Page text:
Which is not the same as an absolution. Walt unquestionably goes out a winner: Jesse is once again a free man, his kids will be provided for — there’s no way Gretchen and Elliott don’t set up that trust fund for Flynn — and Skyler has enough to cut a deal for her own freedom. His dying act allows for all that, but it’s scarcely repayment for all the broken lives he has left in his wake.
Early takes on the finale (including the one up above; these words are coming a couple hours after the fact) were split between “great” and something along the lines of “too neat.” I’m still in the former camp, although there’s a valid argument in the latter. For all “Breaking Bad” has done to tear its lead character down in this final season, the ending seems to build him back up a little. It’s a rare case when a number of fans were actually rooting for the bleakest possible conclusion.
But even if Walt has tried to set things right with those closest to him, he still dies (from what looks like a stray bullet; he flinches noticeably as he’s lying on top of Jesse) a drug kingpin and murderer in the eyes of the world. People will remember his name, but not for the reason he would have wanted. The final music cue, Badfinger’s “Baby Blue,” starts with the line “Guess I got what I deserve.” That seems about right.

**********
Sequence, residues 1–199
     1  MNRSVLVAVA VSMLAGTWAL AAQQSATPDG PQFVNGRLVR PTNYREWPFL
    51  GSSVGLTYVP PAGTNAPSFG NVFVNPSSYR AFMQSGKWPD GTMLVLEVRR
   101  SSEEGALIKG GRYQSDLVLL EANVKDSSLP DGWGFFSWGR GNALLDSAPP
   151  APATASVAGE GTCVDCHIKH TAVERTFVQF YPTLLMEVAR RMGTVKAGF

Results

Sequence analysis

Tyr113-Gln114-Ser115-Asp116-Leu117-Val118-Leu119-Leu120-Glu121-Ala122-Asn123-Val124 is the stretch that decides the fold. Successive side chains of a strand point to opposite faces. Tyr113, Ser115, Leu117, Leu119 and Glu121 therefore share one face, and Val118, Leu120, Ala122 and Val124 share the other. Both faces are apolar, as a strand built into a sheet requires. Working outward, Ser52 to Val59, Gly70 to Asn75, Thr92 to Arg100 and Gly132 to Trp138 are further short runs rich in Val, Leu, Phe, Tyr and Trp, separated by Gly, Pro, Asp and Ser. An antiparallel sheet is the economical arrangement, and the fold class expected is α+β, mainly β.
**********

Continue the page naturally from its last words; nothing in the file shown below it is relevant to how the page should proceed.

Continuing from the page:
A couple of other notes from “Felina”:
- For fans of country music, Gilligan may have foreshadowed his ending a little with the episode’s title, “Felina.” The Marty Robbins song “El Paso,” which Walt hears as he turns the key in his stolen car, is about a man who commits murder over a woman named Felina (or Feleena), then hides out in the “badlands of New Mexico.” A posse catches up to him in the end, but he dies in the arms of his lover.
- It’s nice to see Skyler and Marie at least at a point of detente in their relationship. They have a long way to go, obviously, before they repair it, but their final phone call at least looks like a start.
- Badger and Skinny Pete make one last appearance too, as Walt’s “hitmen” outside of Gretchen and Elliott’s door. Theirs was about the only moment of levity in the finale.
- The question of how Walt got ricin into Lydia’s stevia seems like a simpler one than Huell and the ricin cigarette. Walt notes what a “schedule-driven” person Lydia is during the coffee-shop meeting, and it’s clear from the wide shot of Todd entering that Walt (sitting at the end of the counter) has been waiting. Presumably he got there a little early and planted the tainted stevia packet at her regular table.
What did you think of the “Breaking Bad” finale, and the series as a whole?